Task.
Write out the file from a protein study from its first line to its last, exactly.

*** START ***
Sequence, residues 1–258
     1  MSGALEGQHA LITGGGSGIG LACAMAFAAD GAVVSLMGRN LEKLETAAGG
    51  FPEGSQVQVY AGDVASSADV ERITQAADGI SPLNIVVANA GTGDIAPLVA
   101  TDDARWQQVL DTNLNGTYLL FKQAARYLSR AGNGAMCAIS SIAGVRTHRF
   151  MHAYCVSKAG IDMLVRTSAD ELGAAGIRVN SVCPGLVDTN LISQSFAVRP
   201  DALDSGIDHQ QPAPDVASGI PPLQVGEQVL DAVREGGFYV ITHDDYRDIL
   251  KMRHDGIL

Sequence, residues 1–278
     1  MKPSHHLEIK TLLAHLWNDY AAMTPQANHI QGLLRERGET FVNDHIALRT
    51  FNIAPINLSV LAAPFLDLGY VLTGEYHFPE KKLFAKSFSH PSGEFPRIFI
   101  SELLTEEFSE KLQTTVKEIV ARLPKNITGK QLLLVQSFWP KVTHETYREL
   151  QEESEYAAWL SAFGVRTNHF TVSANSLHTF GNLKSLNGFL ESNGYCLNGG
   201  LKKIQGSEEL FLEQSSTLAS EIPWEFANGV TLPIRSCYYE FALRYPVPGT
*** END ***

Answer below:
Sequence, residues 1–258
     1  MSGALEGQHA LITGGGSGIG LACAMAFAAD GAVVSLMGRN LEKLETAAGG
    51  FPEGSQVQVY AGDVASSADV ERITQAADGI SPLNIVVANA GTGDIAPLVA
   101  TDDARWQQVL DTNLNGTYLL FKQAARYLSR AGNGAMCAIS SIAGVRTHRF
   151  MHAYCVSKAG IDMLVRTSAD ELGAAGIRVN SVCPGLVDTN LISQSFAVRP
   201  DALDSGIDHQ QPAPDVASGI PPLQVGEQVL DAVREGGFYV ITHDDYRDIL
   251  KMRHDGIL

Sequence, residues 1–278
     1  MKPSHHLEIK TLLAHLWNDY AAMTPQANHI QGLLRERGET FVNDHIALRT
    51  FNIAPINLSV LAAPFLDLGY VLTGEYHFPE KKLFAKSFSH PSGEFPRIFI
   101  SELLTEEFSE KLQTTVKEIV ARLPKNITGK QLLLVQSFWP KVTHETYREL
   151  QEESEYAAWL SAFGVRTNHF TVSANSLHTF GNLKSLNGFL ESNGYCLNGG
   201  LKKIQGSEEL FLEQSSTLAS EIPWEFANGV TLPIRSCYYE FALRYPVPGT